Yesterday, the entire 10th grade and their teachers went to a nearby camp for the day. There was swimming, blobbing, soccer, ultimate frisbee, battleball, eno-ing, and more. Also, after destroying some 15-year-old boys on the soccer field (slight overstatement), this old lady decided to sit down with a book. In that hour, I probably hand-sold the book I'm reading a dozen times. And friends, it is an easy book to sell.
First, I show them the "cover" of S. by J. J. Abrams and Doug Dorst. The cover is actually a box/sleeve thing, but I start there because that is the name of the book: S. I remind them of who J. J. Abrams is (Lost, Felicity, Star Trek - which are, by the way, all things I have not watched), and their eyes light up a little.
Then, as I pull the physical book out of the black sleeve, I start to explain the concept. The idea for this book was J. J. Abrams' - Doug Dorst is the writer who brings it all to life.
See, this book is called Ship of Theseus.
It's made to look like an old library book, down to the sticker on the spine and the aged pages inside. It is fiction, written by the fictional V. M. Straka. In S., it is the foundation of a grad student's research. The student, Eric, leaves the book outside his study carrel, and an undergraduate who works in the library, Jen, finds it, flips through it and his notes, and returns it to his carrel with a note penned inside:
Hey - I found your stuff while I was shelving. (Looks like you left in a hurry!) I read a few chapters and loved it. Felt bad about keeping the book from you, though, since you obviously need it for your work. Have to get my own copy! -Jen.He writes back:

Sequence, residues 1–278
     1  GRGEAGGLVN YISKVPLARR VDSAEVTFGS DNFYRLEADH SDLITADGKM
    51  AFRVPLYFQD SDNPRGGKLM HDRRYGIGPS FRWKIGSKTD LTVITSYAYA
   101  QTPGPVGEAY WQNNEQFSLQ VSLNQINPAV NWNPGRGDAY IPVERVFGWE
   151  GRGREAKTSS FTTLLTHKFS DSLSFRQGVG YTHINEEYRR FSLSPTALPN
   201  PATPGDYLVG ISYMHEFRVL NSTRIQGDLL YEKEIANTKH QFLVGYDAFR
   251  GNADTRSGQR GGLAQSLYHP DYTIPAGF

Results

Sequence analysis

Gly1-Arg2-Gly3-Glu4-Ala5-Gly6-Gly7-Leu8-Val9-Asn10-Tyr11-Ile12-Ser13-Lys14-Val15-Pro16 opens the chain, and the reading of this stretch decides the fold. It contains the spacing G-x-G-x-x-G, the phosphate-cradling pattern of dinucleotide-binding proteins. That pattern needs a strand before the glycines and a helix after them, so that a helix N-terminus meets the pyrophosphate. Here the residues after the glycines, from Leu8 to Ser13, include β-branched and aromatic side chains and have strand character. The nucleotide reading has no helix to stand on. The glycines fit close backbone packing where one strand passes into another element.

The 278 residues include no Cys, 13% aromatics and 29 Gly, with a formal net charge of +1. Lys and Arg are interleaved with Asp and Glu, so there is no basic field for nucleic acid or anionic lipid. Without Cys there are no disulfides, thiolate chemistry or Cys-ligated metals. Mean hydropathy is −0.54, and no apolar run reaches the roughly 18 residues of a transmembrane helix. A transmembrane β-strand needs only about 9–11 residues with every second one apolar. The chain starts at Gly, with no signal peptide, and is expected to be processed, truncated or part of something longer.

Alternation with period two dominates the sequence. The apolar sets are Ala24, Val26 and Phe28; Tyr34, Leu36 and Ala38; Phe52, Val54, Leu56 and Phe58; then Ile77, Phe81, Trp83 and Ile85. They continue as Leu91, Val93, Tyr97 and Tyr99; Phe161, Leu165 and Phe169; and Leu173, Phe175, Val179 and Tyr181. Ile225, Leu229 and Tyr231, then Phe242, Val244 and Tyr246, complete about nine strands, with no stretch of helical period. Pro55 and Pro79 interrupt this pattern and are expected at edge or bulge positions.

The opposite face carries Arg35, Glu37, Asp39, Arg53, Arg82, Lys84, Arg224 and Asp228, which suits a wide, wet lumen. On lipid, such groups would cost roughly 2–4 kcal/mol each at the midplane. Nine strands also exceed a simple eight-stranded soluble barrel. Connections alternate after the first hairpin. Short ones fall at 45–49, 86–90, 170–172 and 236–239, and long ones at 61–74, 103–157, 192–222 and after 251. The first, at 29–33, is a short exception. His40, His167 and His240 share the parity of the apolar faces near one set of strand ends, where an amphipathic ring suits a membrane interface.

Here - If you liked it you should finish it. I need a break, anyway. (Leave it on the last shelf in the South stacks when you're finished.)And thus begins a back and forth relationship in the margins of this book. Their marginalia pursues some serious scholarship questions as well as exchanging personal stories, and as their relationship develops, the mystery surrounding this book and its authorship does as well. There are codes, secrets, dangerous encounters (for both the characters in Ship of Theseus and for Jen and Eric), and lots of stuff inside the covers of this book (postcards, letters, photographs, etc...). S. is not so much a book as it is a reading experience. It is so clever and sharp, and I remain intrigued even though it is a literary type (political thriller-ish) I don't usually gravitate toward.
By the time I finish, students - all students - are fascinated. Their eyes are sparkling and they say things like, "I might actually have to read that book."
So, what am I reading? Come sit down next to me. I'll be glad to tell you all about it.
And I bet when I'm finished, you'll want to read it, too.